19. 19. Quick overview<br />Positives<br />Negatives<br />Demand <br />Simultaneous/concurrent users<br />Off campus/remote access<br />Content versatility – search and scanability<br />eBook fully index'able <br />Space – no shelving<br />Reduced back-end work<br /> No repairing or covering<br />Can be easily integrated<br />No physical security issues<br />Offer convenience and flexibility<br />Complexity<br />Licensing <br />Software<br />Reading screens<br />DRM<br />Locating actual eBooks<br />Confusion - platforms<br />Cost <br />Turnaways<br />Pace of change in consumer market is rapid<br />
  20. 20. Workflow changes in terms of acquisitions<br />Offer portability, convenience, instant access, simultaneous usage<br />Potential for longer-term cost savings and flexible usage by more users<br />Established eJournal adoption (primarily through databases) will aid familiarity<br />Development growth has mirrored adoption of e-journals<br />Physical book sales are as yet increasing despite eBooks<br />Impact<br />
  21. 21. When eBooks are purchased, one of the main issues relates to ensuring usage. This is best achieved by -<br /><ul><li>Incorporating full MARC records and subject headings into the library catalogue. Most aggregators supply these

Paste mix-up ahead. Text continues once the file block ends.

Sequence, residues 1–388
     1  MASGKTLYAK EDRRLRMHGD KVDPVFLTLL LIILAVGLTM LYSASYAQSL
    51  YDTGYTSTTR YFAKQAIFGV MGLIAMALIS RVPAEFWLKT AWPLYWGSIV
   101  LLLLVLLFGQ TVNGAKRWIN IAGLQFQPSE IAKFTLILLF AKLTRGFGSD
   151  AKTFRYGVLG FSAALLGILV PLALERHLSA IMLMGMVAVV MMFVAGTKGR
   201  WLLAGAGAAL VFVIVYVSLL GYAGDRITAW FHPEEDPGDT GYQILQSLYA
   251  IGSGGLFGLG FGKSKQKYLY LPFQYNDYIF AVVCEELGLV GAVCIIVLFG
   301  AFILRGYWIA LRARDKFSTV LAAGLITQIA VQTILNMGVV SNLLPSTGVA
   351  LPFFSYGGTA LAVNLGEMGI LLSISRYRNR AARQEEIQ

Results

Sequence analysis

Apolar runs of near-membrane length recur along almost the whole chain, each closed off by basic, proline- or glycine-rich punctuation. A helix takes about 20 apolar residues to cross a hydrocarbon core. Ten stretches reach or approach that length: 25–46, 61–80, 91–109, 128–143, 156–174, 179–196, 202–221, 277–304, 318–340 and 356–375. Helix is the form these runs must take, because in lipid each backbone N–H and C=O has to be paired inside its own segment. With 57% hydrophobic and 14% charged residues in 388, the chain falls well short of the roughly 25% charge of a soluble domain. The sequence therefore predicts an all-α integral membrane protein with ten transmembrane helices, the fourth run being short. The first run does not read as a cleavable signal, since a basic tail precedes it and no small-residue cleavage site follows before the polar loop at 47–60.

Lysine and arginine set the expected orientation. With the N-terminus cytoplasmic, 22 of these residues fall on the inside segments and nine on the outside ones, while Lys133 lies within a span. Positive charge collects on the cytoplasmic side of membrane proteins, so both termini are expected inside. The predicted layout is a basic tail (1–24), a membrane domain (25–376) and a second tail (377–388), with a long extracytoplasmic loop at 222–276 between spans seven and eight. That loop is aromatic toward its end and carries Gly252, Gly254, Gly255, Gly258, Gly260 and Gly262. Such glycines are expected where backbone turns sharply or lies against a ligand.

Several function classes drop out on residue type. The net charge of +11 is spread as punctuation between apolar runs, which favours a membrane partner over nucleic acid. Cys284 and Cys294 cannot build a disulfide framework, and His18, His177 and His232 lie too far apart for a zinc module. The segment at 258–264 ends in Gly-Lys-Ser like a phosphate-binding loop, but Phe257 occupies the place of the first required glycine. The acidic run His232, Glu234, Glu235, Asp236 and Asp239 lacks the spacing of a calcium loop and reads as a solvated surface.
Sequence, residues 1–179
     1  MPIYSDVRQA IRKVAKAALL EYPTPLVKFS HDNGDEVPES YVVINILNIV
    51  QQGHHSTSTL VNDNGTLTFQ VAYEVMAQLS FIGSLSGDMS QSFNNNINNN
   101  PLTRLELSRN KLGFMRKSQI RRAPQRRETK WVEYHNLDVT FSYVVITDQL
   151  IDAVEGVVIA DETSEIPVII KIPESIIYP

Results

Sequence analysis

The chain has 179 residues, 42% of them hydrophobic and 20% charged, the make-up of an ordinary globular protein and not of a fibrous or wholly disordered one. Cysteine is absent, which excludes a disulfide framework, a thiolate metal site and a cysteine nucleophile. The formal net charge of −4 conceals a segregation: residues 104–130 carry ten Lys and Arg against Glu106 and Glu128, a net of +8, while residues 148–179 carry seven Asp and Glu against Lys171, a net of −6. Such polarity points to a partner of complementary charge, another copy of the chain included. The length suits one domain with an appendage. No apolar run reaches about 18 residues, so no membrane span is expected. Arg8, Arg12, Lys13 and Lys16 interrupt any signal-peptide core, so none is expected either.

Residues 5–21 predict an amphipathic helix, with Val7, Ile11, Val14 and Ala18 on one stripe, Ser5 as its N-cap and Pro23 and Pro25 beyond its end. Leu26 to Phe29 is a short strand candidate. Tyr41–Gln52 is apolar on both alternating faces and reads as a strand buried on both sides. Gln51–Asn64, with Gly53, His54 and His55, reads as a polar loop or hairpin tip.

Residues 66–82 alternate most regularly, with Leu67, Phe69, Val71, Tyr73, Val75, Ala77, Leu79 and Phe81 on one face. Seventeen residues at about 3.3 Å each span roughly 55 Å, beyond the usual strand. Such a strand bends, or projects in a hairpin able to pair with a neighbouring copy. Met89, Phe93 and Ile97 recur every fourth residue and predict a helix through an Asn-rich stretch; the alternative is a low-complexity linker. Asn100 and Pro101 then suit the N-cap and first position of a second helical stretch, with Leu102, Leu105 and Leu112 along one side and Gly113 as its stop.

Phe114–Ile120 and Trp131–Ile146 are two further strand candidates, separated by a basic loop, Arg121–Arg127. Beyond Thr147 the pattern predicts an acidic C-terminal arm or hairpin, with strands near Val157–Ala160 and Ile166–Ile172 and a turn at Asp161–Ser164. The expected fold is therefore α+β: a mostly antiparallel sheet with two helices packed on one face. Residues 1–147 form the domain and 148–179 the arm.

22. 22. Making eBooks available directly through library catalogue rather than separate resource lists
  23. 23. Marketing and promotion is essential - library website, staff contacts, alerting, institutional and dept. publicity
  24. 24. Place eBook links into VLEs and reading lists, this can also apply to parts of books and chapters
  25. 25. eBook access can also be achieved through other pathways such as link solvers, A-Z listings and federated search
  26. 26. Digital visibility is also increased through abstract and keyword searches in search engines</li></ul>Discovery <br />